See what’s happening in the heart of Santa Fe!
It was the series of cascading twenty-to-thirty-foot waterfalls that first drew my attention to a particular backcountry creek in the wilderness, but when I learned that this same creek was one of the few remaining habitats of the Rio Grande cutthroat trout, I made sure to throw a seven-foot, three-weight fly rod into the kit for the day.
At a young age, Caitlin Olsen, owner of Coquette Artisanal Cakes, began baking alongside her paternal grandmother. Her grandmother’s legacy lives on at Coquette, where Olsen continues to use her recipes for three of her cakes.
Challenging circumstances foster innovative solutions. For much of the past year, the pandemic sharply reduced travel and tourism. Moreover, shoppers, whether from here or elsewhere, couldn’t freely enjoy in-person shopping, and many small, local, retail businesses were having a difficult time.
The pandemic inspired one big change in the way the snack company SkinnyDipped does business: Founders Val and Breezy Griffith decided to live part of the year in Santa Fe in the late spring of 2020.
In spring, the New Mexico landscape is spectacular. Lavender, Russian sage, purple and white lilacs, and brilliant purple irises and astors abound. Various foliage ranges in color from pale to brilliant green, from yellow-green to the chamisa’s dusky gray-green.
I often marvel that when I’ve got an itch to hike in wide-open spaces, I can scratch it at the Galisteo Basin Preserve, a short twenty-minute drive from Santa Fe. The last time my husband, Paul, and I went there, we stopped at Arable restaurant in Eldorado and chose takeout dishes that reflected the themes of the land.
Comparing rabbits to other pets is misguided, says Tama Capellini, a Madrid fiber artist who makes wearable art and handspun art yarn: “Asking if a rabbit is more like a cat or a dog is like asking if a dog is more like a goldfish or a canary.”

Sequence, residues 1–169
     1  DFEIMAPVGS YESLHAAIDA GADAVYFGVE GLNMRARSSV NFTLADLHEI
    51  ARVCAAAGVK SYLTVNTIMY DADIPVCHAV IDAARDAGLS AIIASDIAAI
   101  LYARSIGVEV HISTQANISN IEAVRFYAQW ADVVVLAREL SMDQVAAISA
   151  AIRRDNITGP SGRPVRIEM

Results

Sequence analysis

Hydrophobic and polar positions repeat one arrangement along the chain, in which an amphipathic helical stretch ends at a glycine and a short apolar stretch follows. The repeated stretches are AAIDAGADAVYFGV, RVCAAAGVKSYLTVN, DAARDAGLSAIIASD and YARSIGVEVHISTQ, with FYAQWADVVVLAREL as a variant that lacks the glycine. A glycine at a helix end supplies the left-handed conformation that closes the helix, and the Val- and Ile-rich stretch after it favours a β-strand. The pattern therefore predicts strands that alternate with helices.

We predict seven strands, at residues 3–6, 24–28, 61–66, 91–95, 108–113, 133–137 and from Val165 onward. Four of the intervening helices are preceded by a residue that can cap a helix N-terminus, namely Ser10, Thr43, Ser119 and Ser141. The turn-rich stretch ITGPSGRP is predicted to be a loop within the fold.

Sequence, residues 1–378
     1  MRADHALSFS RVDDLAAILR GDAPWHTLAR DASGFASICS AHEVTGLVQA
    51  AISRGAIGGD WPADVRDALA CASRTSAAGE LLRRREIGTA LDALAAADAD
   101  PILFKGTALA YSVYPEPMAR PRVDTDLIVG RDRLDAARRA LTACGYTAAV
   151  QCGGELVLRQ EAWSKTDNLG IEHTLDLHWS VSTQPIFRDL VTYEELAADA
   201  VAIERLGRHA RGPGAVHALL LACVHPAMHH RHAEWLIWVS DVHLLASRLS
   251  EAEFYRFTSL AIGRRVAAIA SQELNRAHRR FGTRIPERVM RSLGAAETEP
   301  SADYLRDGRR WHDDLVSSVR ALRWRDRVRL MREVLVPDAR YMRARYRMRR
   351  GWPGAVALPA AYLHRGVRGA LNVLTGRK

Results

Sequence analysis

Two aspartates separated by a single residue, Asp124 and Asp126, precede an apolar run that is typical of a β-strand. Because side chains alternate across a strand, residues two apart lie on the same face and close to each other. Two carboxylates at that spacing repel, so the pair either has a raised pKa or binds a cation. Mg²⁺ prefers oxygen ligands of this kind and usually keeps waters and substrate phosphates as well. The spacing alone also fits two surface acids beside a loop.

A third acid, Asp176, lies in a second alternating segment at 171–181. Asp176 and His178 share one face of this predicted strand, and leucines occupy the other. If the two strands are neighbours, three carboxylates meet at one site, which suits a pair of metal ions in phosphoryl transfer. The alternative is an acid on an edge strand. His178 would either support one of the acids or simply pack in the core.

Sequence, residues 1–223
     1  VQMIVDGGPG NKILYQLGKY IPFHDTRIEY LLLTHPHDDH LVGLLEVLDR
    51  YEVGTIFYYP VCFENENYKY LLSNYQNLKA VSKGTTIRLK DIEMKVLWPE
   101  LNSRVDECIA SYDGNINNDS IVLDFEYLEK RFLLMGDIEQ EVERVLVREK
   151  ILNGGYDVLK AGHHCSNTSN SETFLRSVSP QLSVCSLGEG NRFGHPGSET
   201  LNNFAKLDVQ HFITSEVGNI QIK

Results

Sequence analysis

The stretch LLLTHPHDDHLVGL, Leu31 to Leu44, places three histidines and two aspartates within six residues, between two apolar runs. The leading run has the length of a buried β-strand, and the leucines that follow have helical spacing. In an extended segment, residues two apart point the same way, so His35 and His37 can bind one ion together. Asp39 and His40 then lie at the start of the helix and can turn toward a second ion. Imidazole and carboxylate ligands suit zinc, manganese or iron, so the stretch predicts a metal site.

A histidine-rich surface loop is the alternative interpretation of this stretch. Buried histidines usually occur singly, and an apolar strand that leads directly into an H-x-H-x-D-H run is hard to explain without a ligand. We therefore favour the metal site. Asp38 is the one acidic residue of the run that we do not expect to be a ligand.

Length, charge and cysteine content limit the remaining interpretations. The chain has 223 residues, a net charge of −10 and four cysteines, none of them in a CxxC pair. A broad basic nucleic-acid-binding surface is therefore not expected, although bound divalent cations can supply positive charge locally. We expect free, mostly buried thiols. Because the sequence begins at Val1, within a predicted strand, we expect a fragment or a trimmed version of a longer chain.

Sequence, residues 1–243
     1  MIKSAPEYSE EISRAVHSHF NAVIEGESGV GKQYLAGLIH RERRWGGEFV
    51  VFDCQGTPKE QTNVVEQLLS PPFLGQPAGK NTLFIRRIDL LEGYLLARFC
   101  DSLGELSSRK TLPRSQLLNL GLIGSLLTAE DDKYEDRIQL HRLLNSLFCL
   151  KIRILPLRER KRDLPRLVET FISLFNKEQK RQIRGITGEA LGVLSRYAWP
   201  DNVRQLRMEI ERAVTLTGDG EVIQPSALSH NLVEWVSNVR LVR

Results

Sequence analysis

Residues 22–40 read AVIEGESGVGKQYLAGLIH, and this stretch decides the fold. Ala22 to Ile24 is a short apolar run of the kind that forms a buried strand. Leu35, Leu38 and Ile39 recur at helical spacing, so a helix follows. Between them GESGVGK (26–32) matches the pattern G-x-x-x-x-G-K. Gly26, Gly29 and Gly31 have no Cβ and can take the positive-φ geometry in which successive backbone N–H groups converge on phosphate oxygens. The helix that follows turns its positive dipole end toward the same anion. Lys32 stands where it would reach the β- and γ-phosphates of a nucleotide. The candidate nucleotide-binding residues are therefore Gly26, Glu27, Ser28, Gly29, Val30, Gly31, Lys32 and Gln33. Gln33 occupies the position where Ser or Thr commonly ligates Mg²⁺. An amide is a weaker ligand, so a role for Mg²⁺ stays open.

At 215 East DeVargas Street stands the DeVargas Street House, aka The Oldest House, one of the oldest buildings in the United States. The unassuming-looking structure, with its thick adobe walls, three small windows and low doorways, is believed to rest on part of the foundation of an ancient Indian Pueblo built in the 1200s that was inhabited by members of a Tano-speaking tribe.
Elena Trujillo, the bar supervisor at The Shed restaurant in downtown Santa Fe, says she loves interacting with people. Over the past fourteen years, she has perfected the art of bartending.
Painter Elizabeth Hahn became part of Santa Fe’s vibrant arts community in 1988. A lifelong artist who grew up in Louisiana and attended college in Oklahoma, Hahn moved to town to become the director of an art gallery and then stayed because she fell in love with The City Different.
Prickly pear is a member of a cactus family that is native to the United States, Mexico and South America, although it flourishes in many parts of the world. It’s grown in gardens throughout the Southwest and enjoyed in a variety of cuisines and in cocktails.
When I was growing up in the community of Nambé, my family had a private well that would occasionally go dry for a day. We’d drive to my grandma’s house nearby to fill up jugs of water while my dad worked hard to get the well producing again. Our property was surrounded by badlands, and it was always hard to grow anything in our nutrient-poor soil.